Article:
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** Flies and Spiders: 4. "hark to the singing and the harps" **

N.E. Brigand
Half-elven


Sep 4 2012, 5:26am

Post #1 of 3 (463 views)
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** Flies and Spiders: 4. "hark to the singing and the harps" ** Can't Post

Next morning the food has run out, and though they can hear that it is raining, the water doesn't penetrate the thick forest canopy. Then Bombur awakes, but he remembers nothing since leaving Bywater. He recounts an enchanted dream of a royal woodland feast, but the other dwarves don't want to hear about food. The party walks one more day, and then Bombur will go no further. As they argue, Balin spots a distant fire. They leave the path to investigate, and discover an elvish feast, but when they step into the clearing, the fire goes out and the elves disappear. Some time after Bilbo and the dwarves find each other in the dark, Dori spots another fire. Again the feasting elves vanish in darkness, but this time Bilbo, chosen by the dwarves to represent them, falls into an enchanted asleep from which he is woken only with difficulty. The whole process repeats once more after Kili sees another fire hours later, and Thorin steps into the festivities, but this time our heroes lose each other, and Bilbo hears distant cries of distress before he is left alone in the dark.

Have they actually run out of water as well as food, or does their thirst indicate they are merely (!) on very short rations?

Why does Bombur wake up at this point? Does it have anything to do with the rain? Why does Tolkien choose this moment for Bombur to wake up?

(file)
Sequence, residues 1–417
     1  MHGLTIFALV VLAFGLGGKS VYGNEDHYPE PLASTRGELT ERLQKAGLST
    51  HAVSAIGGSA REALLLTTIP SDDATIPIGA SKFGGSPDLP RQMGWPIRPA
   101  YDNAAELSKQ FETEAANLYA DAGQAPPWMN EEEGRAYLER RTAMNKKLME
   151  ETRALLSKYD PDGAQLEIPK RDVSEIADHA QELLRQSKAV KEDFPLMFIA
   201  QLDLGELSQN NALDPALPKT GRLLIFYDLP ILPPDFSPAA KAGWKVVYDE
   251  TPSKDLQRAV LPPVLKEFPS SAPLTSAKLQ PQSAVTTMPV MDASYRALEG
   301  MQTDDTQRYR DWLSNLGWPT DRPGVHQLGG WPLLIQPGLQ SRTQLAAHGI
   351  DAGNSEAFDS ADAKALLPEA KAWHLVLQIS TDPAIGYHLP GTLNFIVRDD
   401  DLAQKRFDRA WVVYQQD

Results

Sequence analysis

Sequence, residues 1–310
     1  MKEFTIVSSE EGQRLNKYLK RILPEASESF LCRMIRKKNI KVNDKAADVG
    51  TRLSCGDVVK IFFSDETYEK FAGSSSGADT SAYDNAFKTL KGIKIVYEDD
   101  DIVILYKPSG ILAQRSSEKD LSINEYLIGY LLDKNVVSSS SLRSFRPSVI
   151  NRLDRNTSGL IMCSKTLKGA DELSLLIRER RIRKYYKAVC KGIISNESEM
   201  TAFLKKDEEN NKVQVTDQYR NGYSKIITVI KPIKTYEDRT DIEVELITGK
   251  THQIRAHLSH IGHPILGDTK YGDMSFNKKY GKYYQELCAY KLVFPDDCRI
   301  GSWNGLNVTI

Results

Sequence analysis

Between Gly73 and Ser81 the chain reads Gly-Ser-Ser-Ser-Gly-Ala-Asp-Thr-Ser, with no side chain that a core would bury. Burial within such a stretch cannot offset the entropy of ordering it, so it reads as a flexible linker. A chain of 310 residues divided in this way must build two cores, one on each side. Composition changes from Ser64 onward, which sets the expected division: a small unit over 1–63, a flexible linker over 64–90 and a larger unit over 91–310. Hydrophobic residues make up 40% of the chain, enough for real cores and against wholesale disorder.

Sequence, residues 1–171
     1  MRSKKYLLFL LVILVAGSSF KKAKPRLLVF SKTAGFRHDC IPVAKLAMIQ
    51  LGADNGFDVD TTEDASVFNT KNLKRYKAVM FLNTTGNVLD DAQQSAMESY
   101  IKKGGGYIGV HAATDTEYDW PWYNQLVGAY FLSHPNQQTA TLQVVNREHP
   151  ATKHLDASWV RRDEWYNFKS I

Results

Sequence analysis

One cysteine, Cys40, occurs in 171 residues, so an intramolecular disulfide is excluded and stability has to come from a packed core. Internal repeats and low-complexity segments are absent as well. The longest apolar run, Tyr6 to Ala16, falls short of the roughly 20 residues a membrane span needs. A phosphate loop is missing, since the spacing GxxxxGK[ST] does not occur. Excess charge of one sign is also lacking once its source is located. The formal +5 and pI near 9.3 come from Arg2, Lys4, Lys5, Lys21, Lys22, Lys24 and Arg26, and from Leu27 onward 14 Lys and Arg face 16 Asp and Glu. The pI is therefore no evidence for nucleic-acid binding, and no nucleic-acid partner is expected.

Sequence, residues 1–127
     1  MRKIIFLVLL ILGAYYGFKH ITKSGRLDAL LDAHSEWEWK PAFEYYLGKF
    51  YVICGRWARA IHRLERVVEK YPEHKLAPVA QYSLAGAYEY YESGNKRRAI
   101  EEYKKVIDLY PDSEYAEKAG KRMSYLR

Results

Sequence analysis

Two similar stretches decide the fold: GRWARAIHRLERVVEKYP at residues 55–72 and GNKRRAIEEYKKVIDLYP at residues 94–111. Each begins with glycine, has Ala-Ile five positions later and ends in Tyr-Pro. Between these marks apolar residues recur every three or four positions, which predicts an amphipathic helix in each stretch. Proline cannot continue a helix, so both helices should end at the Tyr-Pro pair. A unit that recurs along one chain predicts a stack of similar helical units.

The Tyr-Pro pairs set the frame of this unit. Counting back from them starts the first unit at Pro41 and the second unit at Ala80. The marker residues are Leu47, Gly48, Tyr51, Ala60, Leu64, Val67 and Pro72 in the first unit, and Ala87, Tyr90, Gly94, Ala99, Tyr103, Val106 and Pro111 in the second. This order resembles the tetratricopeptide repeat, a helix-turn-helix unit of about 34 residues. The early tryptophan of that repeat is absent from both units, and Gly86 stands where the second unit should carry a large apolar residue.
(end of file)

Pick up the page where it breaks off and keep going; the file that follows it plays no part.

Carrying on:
Is the spell meant to wear off with time, or is it expected that everyone who falls asleep will drown in the stream?

Why does Bombur lose his memory of events since the first chapter?

Does the reference to "tuppence" tell us anything about coinage in the world of The Hobbit?

Couldn't Beorn have provided the party with an axe to go with the bows and arrows? It would have helped with getting across the stream (to build a raft) or to clear a space here for access to the rain!

By counting words, I find that the very middle of The Hobbit are the two words "the ground" in this sentence: "After a good deal of creeping and crawling they peered round the trunks and looked into a clearing where some trees had been felled and the ground leveled." That fact may have had more significance when Peter Jackson was adapting the book into two films rather than three. (This is just an observation; I don't have a question here.)

Why don't the moths and bats mob the elves' fires as they had the dwarves' earlier in the chapter?